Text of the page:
Feds bring technical aid, not cash, on crumbling foundations
They didn’t bring a checkbook, but officials from the Federal Emergency Management Administration and Army Corps of Engineers spent the past two days in Connecticut working on the crumbing foundations issue that has bedeviled hundreds of of homeowners in dozens of towns, Gov. Dannel P. Malloy said Thursday.
FEMA repeatedly has declined to classify the damage caused by pyrrhotite, a mineral that corrodes when exposed to water, as an emergency or major disaster eligible for federal assistance, but the agency and Army engineers have taken the step of working to establish testing standards for the mineral.
“They have been touring our state to see firsthand the damage caused by the substance pyrrhotite to concrete foundations involved in eastern Connecticut, Malloy said. “They met with myself, the lieutenant governor, and other state officials both yesterday and today to discuss how they might lend their technical expertise to assist the state and the homeowners.”
For the past 18 months, Connecticut has been struggling to assess the scope of damage caused by the use in concrete of stone aggregate mined from a quarry with an exposed vein of pyrrhotite. Nearly 600 homeowners have reported damage, but officials estimate that more than 4,700 homes could be affected.
Lyle Wray, the executive director of the Capitol Region Council of Governments, which is helping coordinate the early efforts to gauge the extent of the problem and develop a remediation program, said FEMA, Corps of Engineers and Homeland Security officials saw buildings with extensive damage.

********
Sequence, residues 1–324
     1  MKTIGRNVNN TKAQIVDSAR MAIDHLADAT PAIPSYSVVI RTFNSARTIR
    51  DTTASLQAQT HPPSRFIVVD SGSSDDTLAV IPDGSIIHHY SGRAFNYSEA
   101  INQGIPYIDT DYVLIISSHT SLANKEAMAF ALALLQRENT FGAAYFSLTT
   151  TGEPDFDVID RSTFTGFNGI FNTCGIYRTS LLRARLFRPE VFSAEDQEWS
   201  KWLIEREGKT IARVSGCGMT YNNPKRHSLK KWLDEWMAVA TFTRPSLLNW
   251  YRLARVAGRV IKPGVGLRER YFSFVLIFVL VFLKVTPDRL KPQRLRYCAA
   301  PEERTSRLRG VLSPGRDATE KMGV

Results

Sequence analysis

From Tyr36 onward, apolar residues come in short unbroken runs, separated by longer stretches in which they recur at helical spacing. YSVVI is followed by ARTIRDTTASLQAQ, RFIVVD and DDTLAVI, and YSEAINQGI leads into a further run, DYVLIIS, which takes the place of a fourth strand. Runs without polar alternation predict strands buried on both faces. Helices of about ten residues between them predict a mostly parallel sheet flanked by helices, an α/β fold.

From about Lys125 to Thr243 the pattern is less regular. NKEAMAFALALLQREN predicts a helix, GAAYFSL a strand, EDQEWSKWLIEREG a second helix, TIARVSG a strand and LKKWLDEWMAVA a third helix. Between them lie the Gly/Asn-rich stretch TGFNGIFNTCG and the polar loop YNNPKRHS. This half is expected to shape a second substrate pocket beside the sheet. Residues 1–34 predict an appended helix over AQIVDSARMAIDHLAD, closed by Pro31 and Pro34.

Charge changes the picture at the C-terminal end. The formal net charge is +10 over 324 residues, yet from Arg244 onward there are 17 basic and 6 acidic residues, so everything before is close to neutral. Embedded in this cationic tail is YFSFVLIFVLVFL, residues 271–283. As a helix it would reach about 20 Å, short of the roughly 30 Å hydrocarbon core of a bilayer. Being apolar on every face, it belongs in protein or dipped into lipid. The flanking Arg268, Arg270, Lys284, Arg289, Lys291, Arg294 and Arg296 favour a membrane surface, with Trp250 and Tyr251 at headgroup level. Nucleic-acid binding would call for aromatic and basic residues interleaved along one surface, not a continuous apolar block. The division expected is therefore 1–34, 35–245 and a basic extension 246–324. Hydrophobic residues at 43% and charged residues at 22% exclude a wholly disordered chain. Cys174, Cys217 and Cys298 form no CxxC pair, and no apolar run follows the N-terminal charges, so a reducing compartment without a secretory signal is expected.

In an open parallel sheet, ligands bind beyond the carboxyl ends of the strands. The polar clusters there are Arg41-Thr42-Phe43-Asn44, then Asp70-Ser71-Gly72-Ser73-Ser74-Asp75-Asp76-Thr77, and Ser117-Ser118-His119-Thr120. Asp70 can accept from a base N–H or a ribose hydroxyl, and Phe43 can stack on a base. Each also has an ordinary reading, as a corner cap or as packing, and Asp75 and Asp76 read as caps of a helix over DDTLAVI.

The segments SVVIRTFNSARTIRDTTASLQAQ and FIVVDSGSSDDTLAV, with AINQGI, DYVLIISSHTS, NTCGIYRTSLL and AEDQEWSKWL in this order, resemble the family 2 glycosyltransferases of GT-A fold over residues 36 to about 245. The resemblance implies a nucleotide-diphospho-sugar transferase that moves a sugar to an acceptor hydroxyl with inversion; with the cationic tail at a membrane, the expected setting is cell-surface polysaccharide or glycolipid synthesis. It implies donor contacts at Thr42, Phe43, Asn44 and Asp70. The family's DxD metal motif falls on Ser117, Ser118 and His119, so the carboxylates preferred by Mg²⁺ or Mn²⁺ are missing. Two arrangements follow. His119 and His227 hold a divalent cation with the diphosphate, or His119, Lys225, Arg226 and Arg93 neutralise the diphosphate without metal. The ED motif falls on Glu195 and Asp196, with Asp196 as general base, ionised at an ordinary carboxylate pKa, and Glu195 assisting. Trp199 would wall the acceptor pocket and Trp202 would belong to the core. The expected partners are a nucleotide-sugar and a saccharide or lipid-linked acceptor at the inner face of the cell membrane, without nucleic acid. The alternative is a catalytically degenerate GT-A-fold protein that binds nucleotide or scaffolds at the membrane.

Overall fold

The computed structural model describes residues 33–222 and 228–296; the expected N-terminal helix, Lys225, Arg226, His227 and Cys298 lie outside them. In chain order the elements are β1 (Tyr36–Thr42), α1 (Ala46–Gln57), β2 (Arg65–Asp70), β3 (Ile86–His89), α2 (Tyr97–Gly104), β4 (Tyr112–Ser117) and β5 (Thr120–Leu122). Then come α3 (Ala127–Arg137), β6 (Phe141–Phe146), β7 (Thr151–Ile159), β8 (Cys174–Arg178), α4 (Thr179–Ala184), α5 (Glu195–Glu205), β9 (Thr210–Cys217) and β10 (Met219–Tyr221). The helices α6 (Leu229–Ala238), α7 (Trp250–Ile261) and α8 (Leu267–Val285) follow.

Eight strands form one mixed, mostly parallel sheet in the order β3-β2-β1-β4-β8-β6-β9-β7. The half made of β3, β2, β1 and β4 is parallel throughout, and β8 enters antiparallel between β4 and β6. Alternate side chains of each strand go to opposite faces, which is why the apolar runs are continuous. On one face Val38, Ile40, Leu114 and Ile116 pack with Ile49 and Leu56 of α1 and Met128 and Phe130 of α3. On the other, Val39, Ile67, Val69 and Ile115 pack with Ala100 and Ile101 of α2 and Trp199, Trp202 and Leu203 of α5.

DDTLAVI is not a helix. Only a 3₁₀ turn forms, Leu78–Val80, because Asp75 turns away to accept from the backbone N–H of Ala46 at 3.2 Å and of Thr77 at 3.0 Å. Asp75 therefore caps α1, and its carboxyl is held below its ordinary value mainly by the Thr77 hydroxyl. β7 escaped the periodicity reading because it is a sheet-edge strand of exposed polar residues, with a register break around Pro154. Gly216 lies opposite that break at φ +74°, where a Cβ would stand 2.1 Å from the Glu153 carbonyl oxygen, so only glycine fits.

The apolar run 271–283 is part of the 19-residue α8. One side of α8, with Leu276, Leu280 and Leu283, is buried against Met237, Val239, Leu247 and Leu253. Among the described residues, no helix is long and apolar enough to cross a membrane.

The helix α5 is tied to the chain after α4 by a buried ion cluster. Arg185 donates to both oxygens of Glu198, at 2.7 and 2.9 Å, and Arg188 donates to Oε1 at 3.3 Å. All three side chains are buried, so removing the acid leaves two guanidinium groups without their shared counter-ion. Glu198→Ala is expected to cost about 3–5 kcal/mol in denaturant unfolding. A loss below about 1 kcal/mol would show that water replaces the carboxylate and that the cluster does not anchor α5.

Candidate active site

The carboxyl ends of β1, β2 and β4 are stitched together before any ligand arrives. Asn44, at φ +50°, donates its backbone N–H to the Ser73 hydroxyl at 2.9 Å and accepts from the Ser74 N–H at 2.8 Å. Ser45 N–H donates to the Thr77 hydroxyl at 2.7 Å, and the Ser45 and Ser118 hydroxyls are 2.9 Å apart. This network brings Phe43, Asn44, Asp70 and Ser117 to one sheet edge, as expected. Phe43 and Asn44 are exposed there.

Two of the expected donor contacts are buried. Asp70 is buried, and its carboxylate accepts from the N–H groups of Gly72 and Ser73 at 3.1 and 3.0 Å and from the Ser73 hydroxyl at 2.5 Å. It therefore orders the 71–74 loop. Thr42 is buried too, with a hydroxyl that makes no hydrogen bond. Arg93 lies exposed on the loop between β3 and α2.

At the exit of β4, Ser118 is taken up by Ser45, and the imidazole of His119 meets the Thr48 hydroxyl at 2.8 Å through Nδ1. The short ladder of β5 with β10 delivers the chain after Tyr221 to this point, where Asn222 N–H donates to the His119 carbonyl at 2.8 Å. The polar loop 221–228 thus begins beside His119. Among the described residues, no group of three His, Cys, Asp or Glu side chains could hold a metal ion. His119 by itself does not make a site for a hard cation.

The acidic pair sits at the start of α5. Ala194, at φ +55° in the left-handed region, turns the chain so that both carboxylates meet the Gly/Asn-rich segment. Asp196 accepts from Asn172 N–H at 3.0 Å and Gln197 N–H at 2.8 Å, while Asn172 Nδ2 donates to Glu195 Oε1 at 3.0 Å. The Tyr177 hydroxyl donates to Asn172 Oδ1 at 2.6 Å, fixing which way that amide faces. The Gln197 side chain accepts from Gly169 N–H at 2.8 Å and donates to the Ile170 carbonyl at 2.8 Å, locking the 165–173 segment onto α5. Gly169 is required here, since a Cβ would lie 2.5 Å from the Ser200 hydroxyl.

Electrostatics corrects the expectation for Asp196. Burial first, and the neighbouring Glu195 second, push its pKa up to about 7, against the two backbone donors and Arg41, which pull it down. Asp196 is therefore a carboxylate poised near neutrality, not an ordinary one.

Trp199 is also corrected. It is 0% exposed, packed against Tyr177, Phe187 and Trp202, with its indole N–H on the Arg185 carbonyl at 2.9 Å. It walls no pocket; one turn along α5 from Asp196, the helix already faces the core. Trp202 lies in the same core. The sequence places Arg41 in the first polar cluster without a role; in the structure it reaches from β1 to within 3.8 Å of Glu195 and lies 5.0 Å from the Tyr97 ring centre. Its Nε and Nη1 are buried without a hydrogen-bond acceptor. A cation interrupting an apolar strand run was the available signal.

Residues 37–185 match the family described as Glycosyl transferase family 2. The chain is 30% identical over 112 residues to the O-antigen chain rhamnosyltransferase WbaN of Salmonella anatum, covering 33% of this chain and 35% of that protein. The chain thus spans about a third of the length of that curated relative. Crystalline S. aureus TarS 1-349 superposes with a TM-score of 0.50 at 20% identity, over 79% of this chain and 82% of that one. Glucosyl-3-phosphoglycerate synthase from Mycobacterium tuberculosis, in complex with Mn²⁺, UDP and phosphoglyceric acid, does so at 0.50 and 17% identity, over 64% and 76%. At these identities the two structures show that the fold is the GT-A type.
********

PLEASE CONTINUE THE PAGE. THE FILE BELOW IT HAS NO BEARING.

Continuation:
“It’s always good to draw them in to see this directly, rather than read about it in memos,” Wray said.
Wray said the state is concerned about the the stability of the affected homes, as well as the broader economic dangers of homebuyers abandoning northeastern Connecticut and the impact on property tax revenues as damage is discovered and home values fall.
The presence of pyrrhotite is one factor in the crumbling concrete, and state officials hope the Army can establish standards for determining how much is too much. Wray said there also is hope of finding an alternative to the only known form of remediation: The cost of raising a home and pouring a new foundation starts at $150,000.
“The Army Corps of Engineers has lots of experience with concrete,” Wray said. “The question is whether we can ever get this raised to the level of a disaster.”
Malloy said he appreciated the attention from FEMA, given the challenges posed in recent weeks by the hurricane damaged inflicted in Texas, Florida, Puerto Rico and the U.S. Virgin Islands. But he hoped it eventually would reconsider its decision that the crumbling foundations are not worthy of federal aid.
“I believe they need to recongize this as the natural disaster it is, ” he said.
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